6.6 Plant Volatiles and Behavioural Modification of Beneficial Insects.

6.7 Concluding Comments.

7 Challenges in the Synthesis of Natural and Non–Natural Volatiles (Anthony A. Birkbeck).

7.1 Introduction The Art of Organic Synthesis.

7.2 Overcoming Challenges in the Small–Scale Synthesis of Natural Volatile Compounds.

7.3 Overcoming Challenges in the Large–Scale Synthesis of Nature Identical and Non–Natural Molecules.

7.4 Remaining Challenges in the Large–Scale Synthesis of Natural and Non–Natural Volatiles.

7.5 Design and Synthesis of Novel Odorants and Potential Industrial Routes to a Natural Product.

7.6 Other Challenges 193

7.7 Conclusion 193

8 The Biosynthesis of Volatile Sulfur Flavour Compounds (Meriel G. Jones).

8.1 Introduction: Flavours as Secondary Metabolites.

8.2 Sulfur in Plant Biology.

8.3 Sulfur Compounds as Flavour Volatiles.

8.4 The Alk(en)yl Cysteine Sulfoxide Flavour Precursors.

8.5 Biosynthesis of the Flavour Precursors of Allium.

8.6 Formation of Volatiles from CSOs.

8.7 The Allium Flavour Volatiles.

8.8 The Enzyme Alliinase.

8.9 The Enzyme Lachrymatory Factor Synthase.

8.10 The Biological Roles of the Flavour Precursors.

8.11 The Glucosinolate Flavour Precursors.

8.12 GS and Their Biosynthetic Pathways.

8.13 Release of Volatile GS Hydrolysis Products.

8.14 The Biological Role of Glucosinolates.

8.15 Application of Transgenic Technology to Applied Aspects of GS Biosynthesis.

8.16 Volatile Sulfur Compounds from Other Plants.

8.17 Conclusion.

9 Thermal Generation of Aroma–Active Volatiles in Food (Christoph Cerny).

9.1 Introduction.

9.2 The Maillard Reaction.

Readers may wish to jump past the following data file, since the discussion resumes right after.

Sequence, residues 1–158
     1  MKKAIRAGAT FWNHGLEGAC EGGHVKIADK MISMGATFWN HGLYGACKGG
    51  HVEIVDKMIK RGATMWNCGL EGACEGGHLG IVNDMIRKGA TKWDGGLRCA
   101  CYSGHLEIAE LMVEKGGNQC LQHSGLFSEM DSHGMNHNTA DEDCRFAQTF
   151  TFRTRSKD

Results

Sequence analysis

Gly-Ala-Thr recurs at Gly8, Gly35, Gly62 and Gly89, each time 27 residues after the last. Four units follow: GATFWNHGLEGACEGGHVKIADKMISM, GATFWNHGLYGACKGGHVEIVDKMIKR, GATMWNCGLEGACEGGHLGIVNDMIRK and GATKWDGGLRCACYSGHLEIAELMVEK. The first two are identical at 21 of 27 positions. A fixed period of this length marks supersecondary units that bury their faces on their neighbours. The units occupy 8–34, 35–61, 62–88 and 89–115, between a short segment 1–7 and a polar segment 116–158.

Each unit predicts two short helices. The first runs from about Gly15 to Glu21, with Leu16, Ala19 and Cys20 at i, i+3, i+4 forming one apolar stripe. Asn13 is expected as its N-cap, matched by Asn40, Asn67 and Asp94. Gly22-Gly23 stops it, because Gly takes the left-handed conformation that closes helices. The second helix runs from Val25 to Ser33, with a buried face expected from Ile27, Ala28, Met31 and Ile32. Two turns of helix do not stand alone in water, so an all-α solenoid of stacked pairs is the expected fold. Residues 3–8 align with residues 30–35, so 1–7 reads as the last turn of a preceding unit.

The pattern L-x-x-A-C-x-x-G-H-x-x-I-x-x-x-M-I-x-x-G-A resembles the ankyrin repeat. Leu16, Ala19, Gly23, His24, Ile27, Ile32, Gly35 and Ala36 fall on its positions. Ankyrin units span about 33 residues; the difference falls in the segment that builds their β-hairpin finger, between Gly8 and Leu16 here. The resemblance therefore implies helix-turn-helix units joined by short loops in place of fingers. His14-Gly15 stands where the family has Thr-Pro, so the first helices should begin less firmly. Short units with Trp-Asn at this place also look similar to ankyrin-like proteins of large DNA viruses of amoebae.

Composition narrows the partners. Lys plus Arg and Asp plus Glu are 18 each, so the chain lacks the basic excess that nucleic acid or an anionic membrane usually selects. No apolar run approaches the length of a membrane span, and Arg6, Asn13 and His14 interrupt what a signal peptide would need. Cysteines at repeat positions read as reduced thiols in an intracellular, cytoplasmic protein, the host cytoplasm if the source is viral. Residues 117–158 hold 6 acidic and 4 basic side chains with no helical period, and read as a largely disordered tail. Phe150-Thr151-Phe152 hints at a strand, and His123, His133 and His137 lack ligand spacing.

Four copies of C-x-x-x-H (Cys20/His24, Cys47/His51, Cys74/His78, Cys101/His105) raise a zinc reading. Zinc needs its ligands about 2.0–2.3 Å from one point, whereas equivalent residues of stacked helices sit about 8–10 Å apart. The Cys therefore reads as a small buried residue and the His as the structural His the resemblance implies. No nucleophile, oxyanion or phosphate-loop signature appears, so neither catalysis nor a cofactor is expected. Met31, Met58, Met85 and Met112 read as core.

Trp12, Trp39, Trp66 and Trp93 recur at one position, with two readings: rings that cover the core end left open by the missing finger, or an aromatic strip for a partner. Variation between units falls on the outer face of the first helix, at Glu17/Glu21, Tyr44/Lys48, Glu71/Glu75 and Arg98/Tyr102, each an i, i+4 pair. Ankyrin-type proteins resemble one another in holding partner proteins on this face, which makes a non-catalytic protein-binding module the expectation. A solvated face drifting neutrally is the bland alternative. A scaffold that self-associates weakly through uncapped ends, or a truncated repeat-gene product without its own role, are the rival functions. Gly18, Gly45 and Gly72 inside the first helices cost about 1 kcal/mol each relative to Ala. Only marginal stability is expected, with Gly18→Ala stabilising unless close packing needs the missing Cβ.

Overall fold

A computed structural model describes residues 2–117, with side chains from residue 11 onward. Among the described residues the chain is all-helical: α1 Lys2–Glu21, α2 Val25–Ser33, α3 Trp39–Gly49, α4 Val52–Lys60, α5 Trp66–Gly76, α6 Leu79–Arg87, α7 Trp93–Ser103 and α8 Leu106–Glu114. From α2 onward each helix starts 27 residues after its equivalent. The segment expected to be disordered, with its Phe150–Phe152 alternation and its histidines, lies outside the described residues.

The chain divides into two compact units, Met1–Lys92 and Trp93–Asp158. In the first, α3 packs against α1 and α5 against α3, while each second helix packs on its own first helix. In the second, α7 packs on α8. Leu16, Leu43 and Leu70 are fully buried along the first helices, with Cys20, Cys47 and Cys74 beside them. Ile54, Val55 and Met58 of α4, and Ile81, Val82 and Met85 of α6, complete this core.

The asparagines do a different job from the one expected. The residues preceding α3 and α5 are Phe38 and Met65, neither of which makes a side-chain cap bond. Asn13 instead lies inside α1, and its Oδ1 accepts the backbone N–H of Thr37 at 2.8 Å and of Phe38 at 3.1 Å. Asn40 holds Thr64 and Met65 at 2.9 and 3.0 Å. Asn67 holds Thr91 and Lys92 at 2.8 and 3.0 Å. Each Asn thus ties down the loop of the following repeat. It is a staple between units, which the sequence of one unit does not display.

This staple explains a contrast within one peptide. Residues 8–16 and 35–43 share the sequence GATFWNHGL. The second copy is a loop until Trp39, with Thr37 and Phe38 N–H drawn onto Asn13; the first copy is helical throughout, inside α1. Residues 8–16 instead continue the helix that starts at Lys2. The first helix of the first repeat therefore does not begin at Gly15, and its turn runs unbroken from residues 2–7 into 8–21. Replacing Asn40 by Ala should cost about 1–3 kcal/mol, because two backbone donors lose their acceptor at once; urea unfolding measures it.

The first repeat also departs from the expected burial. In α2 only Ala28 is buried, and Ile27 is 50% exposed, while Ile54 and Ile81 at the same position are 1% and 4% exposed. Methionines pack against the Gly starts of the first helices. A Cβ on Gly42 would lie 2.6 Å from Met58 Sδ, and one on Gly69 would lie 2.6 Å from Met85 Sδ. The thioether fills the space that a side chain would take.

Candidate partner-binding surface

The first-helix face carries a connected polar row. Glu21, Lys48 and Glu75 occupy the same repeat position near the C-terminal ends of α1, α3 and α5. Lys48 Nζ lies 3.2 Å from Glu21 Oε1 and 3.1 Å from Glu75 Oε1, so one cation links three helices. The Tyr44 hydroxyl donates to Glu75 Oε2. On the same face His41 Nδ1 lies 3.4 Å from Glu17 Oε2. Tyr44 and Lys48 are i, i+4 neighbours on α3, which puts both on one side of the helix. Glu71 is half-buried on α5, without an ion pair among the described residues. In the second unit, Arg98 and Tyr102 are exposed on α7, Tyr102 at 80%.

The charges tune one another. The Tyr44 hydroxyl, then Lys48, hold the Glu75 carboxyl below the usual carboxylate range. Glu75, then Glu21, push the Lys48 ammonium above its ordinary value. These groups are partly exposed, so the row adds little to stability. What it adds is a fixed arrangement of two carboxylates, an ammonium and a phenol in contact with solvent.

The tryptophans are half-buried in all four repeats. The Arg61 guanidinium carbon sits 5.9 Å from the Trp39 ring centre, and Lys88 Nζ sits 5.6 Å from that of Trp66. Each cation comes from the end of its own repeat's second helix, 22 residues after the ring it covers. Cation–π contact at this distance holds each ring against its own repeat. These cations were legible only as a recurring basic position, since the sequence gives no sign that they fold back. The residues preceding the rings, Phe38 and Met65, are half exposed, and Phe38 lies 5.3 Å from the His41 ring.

9.3 Formation of Aroma Compounds in the Later Stages of the Maillard Reaction.

9.4 The Strecker Degradation.

9.5 Caramelization.

9.6 Thiamin Degradation.

9.7 Ferulic Acid Degradation.

9.8 Fat Oxidation.

9.9 Conclusion.

10 Human Olfactory Perception (Alan Gelperin).

10.1 Introduction.

10.2 Historical Perspective on Olfactory Perception.

10.3 Human Olfactory Pathway.

10.4 Functional Studies in Human Subjects.

10.5 Functional Studies in Brain–Damaged Subjects.

10.6 Single Odorants, Binary Mixtures and Complex Odour Objects.

10.7 Olfactory Versus Trigeminal Odorant Identification.

10.8 Orthonasal Versus Retronasal Odour Perception.

10.9 Specific Anosmias.

10.10 MHC–Correlated Odour Preferences in Human Subjects.

10.11 Odour Deprivation and Odour Perception.

10.12 Age–Related Decline in Olfactory Perception.

10.13 New Neurons in Adult Brains.

10.14 Epidemiological Studies of Human Olfaction.

10.15 Active Sampling and Olfactory Perception.

10.16 Human Olfactory Imagery.

10.17 Top–Down Influences on Olfactory Perception.

10.18 Reproductive State and Olfactory Sensitivity.

10.19 Olfaction, Hunger and Satiety.

10.20 Odour Perception Bias by Odour Names.

10.21 Olfaction and Disease States.

10.22 Prenatal and Postnatal Influences on Infant Odour/Flavour Preferences.

10.23 Future Directions.

11 Perfumery The Wizardry of Volatile Molecules (Christophe Laudamiel).

11.1 The Big Picture.

11.2 Wizardry No. 1: Full Holograms Create Real Emotions.

11.3 Volatiles Need a Language Wizard.

11.4 Wizardry No. 2: The Perfumer in the Jungle of Volatiles to Create Emotions.

11.5 Wizardry No. 3: End Results Are Music to the Nose.

12 Microencapsulation Techniques for Food Flavour (Youngjae Byun, Young Teck Kim, Kashappa Goud H. Desai and Hyun Jin Park).

12.1 Demands.

12.2 Microencapsulation in the Food Industry.

12.3 Techniques and Materials for Flavour Microencapsulation.

12.4 Conclusion and Future Trends.

13 Profragrances and Properfumes (Andreas Herrmann).

13.1 Introduction.

13.2 Release of Alcohols.

13.3 Release of Carbonyl Derivatives.

13.4 Profragrance and Properfume Strategies.

13.5 Conclusion.


14 Reactions of Biogenic Volatile Organic Compounds in the Atmosphere (Russell K. Monson)

14.1 Introduction.

14.2 The Relative Importance of Anthropogenic Versus Biogenic VOC Emissions to Atmospheric Chemistry.

14.3 Overview of BVOC Oxidation.

14.4 The Types of Emitted BVOCs and General Roles in Atmospheric Chemistry.

14.5 Gas Phase Oxidation of BVOCs.

14.6 Gas Phase Chemistry of BVOCs in Urban and Suburban Airsheds.

14.7 Gas Phase Chemistry Within and Above Forests.

14.8 BVOC Emissions and SOA Formation.

14.9 Conclusion.



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Andreas Herrmann